Brexit the biggest cause for concern for SMEs

Brexit the biggest cause for concern for SMEs

Brexit remains the biggest worry for small and medium enterprises as business become increasingly concerned about the future.

44% of SMEs said they were worried about Brexit, with many trying to navigate in an uncertain business environment.

According to InterTradeIreland's latest Business Monitor for the last quarter of 2018, cross-border traders were the most affected, with just 37% reporting growth in the period of October to December 2018, down from 52% a year ago.

The report found that Brexit is also having a negative impact on business investments, with just 14% of firms planning to invest in new plant or equipment and only 4% considering spending money on Research and Development or new product development.

Until clarity is reached on the future trading relationship between the UK and EU, businesses are holding back on investment and planning, IntertradeIreland said.

Brexit the biggest cause for concern for SMEs

However, there are other issues causing SMEs to be concerned which are not related to Brexit.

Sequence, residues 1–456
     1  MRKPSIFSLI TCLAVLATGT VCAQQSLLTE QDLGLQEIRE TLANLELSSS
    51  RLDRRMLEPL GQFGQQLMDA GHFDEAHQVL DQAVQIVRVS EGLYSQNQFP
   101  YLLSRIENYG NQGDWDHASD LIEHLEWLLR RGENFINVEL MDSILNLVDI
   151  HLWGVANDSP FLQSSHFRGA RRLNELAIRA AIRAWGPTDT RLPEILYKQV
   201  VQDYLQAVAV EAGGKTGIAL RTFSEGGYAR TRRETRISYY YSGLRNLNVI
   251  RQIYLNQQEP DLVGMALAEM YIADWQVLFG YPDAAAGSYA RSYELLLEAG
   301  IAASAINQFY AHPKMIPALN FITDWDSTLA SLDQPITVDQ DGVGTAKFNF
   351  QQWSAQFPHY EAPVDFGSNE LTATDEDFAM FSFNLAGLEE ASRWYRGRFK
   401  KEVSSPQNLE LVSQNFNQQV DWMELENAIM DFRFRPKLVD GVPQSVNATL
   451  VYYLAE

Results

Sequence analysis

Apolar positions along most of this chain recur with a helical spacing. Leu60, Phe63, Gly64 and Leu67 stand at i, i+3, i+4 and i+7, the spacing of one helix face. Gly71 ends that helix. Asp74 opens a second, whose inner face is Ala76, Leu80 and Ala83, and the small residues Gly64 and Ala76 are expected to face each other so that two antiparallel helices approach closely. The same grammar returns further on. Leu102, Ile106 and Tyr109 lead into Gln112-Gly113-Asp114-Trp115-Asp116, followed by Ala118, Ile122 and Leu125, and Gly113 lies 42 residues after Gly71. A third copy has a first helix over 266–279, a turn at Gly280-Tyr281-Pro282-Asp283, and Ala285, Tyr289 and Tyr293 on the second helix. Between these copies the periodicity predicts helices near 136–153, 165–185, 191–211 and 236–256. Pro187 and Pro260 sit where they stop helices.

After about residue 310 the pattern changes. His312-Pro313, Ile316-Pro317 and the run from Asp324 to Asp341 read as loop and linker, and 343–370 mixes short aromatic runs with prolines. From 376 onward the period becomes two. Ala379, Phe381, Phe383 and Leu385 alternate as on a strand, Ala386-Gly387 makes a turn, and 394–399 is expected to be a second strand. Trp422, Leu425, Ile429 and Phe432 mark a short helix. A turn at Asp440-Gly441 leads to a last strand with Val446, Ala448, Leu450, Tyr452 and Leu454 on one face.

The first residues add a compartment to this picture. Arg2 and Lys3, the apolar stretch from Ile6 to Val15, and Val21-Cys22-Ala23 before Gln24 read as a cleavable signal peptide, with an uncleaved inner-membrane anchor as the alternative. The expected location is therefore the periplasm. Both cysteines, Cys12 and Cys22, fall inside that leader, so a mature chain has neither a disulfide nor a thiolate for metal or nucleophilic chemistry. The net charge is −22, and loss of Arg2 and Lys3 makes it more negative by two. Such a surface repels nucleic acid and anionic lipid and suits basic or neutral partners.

36% of small businesses said rising costs were a worry, while cash flow was an issue for 32%.

20% are struggling to recruit people with the necessary skillset, an issue that has been a persistent issue for bigger companies over the last three quarters.

There are many challenges facing businesses operating in a high degree of uncertainty, said Aidan Gough, InterTradeIreland’s Designated Officer and Director of Strategy and Policy.

While we recognise this makes planning difficult we encourage businesses, particularly cross-border traders to take a deep dive into their supply chains and logistics operations.

"SMEs need to assess if they are ready to deal with the bureaucracy surrounding customs and tariffs and to be aware of the regulations that govern their market and the impact of any changes," he said.

Meanwhile, businesses have been urged to contact their suppliers to ensure continuity in the supply of their goods and services after Brexit.

The Minister for Business, Enterprise and Innovation Heather Humphreys said it was crucial that businesses check their supply chains for vulnerabilities that may arise from Brexit.

She said that firms should make contact with their UK supplies to seek assurances about the supply of goods and services, and check if these suppliers use a landbridge to move their goods, as this may cause delays and increased costs.

The Minister of State for Trade, Employment, Business Pat Breen recommended that businesses avail of the range of Government financial supports and advice available through InterTradeIreland, the Local Enterprise Offices and Enterprise Ireland.

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